In a second pilot study the magnitude of the intrathoracic pressure generated during the two manoeuvres was assessed in four subjects after swallowing an oesophageal balloon. The subjects performed the two inspiratory manoeuvres that were to be performed in the main study. Maximum (negative) pleural pressure during forced inspiration against resistance was achieved early in inspiration and was sustained for most of the duration of the inspiration. During the controlled resistance free inspiration the negative pressure generated gradually increased throughout inspiration, achieving its maximal (negative) value at the end of inspiration. The peak (negative) pressure generated during forced inspiration against resistance was significantly greater than the peak (negative) pressure during controlled resistance free inspiration (mean –62.9 cm H2O v –23.1 cm H2O, p=0.019).

Study protocol

The full study was performed at a later date. A series of respiratory manoeuvres was performed in the following sequence:

(1) Inspiratory vital capacity (IVC)

Following two or three tidal breaths, subjects exhaled to RV and then performed a non-forced inspiration to TLC. The best of three technically good manoeuvres was recorded and used to predict the inspiratory time (t) through resistance using the previously derived equation: t = 2.12 × IVC – 0.05. Subjects then rested for 5 minutes.

(2) sGaw before deep inspiration

The manoeuvre before deep inspiration began with tidal breathing for 1 minute. The volume-time trace was monitored on screen to ensure that no deep breaths occurred. After a 1 minute deep inspiration free period, sGaw, TLC, FRC, and RV were measured. The sequence was repeated at least twice more after at least 1 minute of tidal breathing on each occasion. The mean of three technically good measurements was calculated and recorded as the sGaw before deep inspiration.

(3) sGaw after deep inspiration without resistance (sGawDI)

Using the same apparatus, after two or three tidal breaths subjects performed a non-forced expiration to RV. From RV they inspired slowly (at a steady rate) to TLC. The inspiratory rate was such that the entire inspiration took t seconds. This precise timing was achieved by practice and an audible second count `1, 2, ..., t' during inspiration. The actual time taken was measured to ensure parity with the time (t) predicted for the inspiration performed against resistance. From TLC subjects performed a swift but non-forced expiration to RV. The manoeuvre was repeated twice more and, following the third timed inspiration to TLC, subjects returned to FRC. Panting at FRC as before allowed calculation of sGaw. The mean of three technically good measurements was calculated and recorded as the sGawDI.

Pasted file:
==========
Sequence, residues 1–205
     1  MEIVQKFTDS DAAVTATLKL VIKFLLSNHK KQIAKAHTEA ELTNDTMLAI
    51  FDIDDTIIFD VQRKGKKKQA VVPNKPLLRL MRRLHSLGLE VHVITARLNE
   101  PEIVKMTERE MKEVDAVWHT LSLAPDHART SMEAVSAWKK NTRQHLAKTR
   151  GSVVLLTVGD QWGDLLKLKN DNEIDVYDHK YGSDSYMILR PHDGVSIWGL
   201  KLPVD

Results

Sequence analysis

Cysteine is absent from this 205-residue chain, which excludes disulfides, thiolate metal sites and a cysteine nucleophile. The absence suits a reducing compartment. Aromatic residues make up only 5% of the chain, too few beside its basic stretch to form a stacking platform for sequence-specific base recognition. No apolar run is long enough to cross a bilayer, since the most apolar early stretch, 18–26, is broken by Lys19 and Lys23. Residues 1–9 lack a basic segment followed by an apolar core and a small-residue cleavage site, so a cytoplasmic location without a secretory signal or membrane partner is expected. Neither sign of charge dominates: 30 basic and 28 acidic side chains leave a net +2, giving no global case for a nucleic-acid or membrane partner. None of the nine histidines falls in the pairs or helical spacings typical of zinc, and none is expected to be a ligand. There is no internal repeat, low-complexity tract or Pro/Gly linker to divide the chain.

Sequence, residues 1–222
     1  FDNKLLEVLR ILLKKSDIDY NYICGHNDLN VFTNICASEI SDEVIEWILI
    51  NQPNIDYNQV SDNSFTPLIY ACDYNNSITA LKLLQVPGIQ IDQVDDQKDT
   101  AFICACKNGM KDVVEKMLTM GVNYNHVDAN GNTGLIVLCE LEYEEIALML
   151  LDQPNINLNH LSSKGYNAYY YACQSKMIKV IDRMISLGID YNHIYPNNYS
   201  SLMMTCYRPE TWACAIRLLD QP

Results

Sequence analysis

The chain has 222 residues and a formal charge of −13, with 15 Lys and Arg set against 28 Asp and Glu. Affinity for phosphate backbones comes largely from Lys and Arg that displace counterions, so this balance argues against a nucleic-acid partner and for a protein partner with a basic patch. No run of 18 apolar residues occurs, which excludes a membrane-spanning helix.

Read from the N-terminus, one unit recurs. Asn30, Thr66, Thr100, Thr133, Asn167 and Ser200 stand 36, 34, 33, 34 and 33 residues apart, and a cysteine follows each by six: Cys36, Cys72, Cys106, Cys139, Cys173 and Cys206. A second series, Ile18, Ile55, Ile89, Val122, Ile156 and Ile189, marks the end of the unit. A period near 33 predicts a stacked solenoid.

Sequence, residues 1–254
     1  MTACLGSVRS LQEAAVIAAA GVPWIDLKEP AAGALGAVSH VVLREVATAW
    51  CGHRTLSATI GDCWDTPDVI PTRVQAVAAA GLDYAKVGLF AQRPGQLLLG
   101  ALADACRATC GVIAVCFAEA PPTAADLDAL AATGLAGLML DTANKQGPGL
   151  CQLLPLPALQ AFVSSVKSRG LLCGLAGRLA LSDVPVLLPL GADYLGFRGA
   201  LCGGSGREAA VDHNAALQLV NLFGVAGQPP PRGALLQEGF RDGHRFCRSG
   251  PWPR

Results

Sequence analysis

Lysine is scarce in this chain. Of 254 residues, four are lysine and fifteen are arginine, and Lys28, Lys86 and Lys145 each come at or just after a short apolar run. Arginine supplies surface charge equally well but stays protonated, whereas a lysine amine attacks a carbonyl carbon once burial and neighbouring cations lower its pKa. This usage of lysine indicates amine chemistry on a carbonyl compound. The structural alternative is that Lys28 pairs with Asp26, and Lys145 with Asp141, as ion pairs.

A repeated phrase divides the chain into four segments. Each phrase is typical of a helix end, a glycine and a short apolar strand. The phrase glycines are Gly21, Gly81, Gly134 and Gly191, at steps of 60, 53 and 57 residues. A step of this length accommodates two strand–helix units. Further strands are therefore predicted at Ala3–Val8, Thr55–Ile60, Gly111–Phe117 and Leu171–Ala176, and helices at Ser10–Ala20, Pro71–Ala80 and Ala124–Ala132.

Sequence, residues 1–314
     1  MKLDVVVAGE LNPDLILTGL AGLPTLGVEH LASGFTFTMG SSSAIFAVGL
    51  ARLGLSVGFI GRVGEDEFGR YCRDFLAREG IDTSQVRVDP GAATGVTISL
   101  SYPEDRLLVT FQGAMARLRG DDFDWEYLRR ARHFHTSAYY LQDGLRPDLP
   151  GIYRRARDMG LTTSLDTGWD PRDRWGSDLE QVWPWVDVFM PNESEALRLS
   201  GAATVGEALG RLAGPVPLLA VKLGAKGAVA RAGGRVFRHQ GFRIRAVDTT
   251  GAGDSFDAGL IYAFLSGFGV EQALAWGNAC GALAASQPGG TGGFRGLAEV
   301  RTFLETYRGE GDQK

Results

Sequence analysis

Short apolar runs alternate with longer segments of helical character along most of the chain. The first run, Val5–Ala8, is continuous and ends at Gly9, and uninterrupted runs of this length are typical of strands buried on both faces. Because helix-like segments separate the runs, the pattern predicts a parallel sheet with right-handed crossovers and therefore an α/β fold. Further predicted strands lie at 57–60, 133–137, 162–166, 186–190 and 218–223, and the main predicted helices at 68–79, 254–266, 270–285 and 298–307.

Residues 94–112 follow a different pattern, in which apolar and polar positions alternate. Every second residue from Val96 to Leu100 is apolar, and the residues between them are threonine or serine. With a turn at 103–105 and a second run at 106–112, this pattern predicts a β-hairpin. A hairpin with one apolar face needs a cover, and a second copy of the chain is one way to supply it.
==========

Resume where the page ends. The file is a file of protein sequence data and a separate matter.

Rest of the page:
(4) sGaw after deep inspiration against resistance (sGawDI RES)

Using the same apparatus, subjects began by performing two or three tidal breaths without added resistance. They then performed a non-forced expiration to RV, followed by inspiration with maximum effort through resistance to TLC. Subjects were required to achieve a full inspiration as quickly as possible. The time taken was noted to ensure the accuracy of the predicted time (t) and thus matching with the time of the earlier controlled resistance free inspiration. From TLC subjects performed a swift but non-forced expiration to RV against no resistance. The manoeuvre was repeated twice more. Following the third maximal inspiration to TLC subjects returned to FRC. Panting at FRC as before allowed calculation of sGaw. The mean of three technically good measurements was calculated and recorded as the sGawDI RES.

Analysis of data

In order to assess the effect of the negative intrathoracic pressure generated by forced inspiration against resistance we compared sGawDI RES with sGawDI in each subject group. The % change from sGawDI to sGawDI RES in each subject was calculated and compared between the two groups. FRCDI RES, the lung volume at which sGawDI RES was measured, and FRCDI, the lung volume at which sGawDI was measured, were also compared within each group.

The time taken to inspire when inspiration was performed at a voluntarily controlled rate without additional resistance (tDI) was compared with the calculated time to inspire with maximal force performed against added resistance (tDI RES ).

Within group results were compared using a paired t test and between group comparisons were made using a non-paired t test.

RESULTS

All results are expressed as mean (SD) values. Subject groups were of similar mean age and sex distribution (table 1). The asthmatic subjects had mild airways obstruction.

In asthmatic subjects sGaw following forced inspiration against resistance (sGawDI RES) showed a consistent small decline compared with sGaw measured following the voluntarily controlled deep inspiration against no added resistance (sGawDI) and was, on average, 13.5% lower (table 2). This difference was statistically significant (p=0.003). In healthy subjects there was no difference in the sGaw following the two types of inspiratory manoeuvre. The % change from sGawDI to sGawDI RES was significantly different between the two groups. In the asthmatic subjects there was no statistically significant difference between FRCDI and FRCDI RES, although in healthy subjects a difference of similar average magnitude was statistically significant.

Table 2

Specific airway conductance (sGaw) and functional residual capacity (FRC) after deep inspiration with and without resistance in asthmatic and healthy subjects

There were no differences in the mean (SD) inspiratory time when measured at the voluntarily controlled rate without added resistance in asthmatic and normal subjects (9.5 (2.3) s v 10.5 (3.1) s) and the calculated time to inspire with maximal force performed against added resistance (9.5 (3.0) s v 10.2 (2.9) s).

DISCUSSION